Tommi's is a cosy 25-seat diner with exposed brickwork, lit by lamps and fairy lights. I actually love the premises and the vibe. And to be able to see the chargrill / deep fat fryer action happening just inches behind the guy taking the orders is pretty cool. Burgers start at £5.30 and a basket of fries will set you back £2.90. There's no booze license but there are cans of soft drinks or milkshakes.

But whilst I've since read various rave reviews about Tommi's burgers, mine and Colonel Mustard's first impression was that the burgers were a bit... well... basic.

The buns are lovely and soft – but so is everything else: an accompanying squirt of ketchup and American style mustard (I'm pretty sure they inadvisably use a French's wannabe rather than French's), a frugal slice of tomato, a few scraggly bits of iceberg lettuce and a very thin slice of completely tasteless cheese (optional) make for a somewhat underwhelming burger experience. Tommi's burgers just don't compare to either the well constructed burgers at Honest Burgers which has opened it's second restaurant (in Soho) recently, or the sloppy indulgence of MEATliquor's fare just around the corner.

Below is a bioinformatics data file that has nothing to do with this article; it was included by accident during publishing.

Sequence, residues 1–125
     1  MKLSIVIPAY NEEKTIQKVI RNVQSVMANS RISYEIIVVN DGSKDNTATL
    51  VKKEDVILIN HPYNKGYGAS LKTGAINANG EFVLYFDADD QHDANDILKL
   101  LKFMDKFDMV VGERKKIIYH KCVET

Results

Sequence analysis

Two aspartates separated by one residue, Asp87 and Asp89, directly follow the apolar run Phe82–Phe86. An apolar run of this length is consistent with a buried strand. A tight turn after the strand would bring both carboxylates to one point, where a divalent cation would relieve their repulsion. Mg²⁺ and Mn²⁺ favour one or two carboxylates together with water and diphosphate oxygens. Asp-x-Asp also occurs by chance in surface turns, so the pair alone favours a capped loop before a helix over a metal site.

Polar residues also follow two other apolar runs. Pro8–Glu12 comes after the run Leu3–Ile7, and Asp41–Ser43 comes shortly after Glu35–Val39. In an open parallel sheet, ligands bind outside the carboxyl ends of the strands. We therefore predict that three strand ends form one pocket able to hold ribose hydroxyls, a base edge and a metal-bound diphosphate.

Tommi's fries are OK in terms of texture (think Maccy Dees) but they taste slightly more of spud than of fried spud. I'm pretty sure they're cooked from frozen and I'm guessing ours were slightly undercooked and under salted.

The promising news, though, is that Tommi's course ground beef patties themselves are remarkably good, very tasty indeed, and ours were perfectly cooked on the rare side of medium.

It seems a shame, then, that Tommi's burgers are thrown together as they would be at a back yard barbecue – there's no real finesse and so the experience hinges on the quality of the beef patties (which, admittedly, are excellent) rather than on the ensemble as a whole.

Above: my second Tommi's burger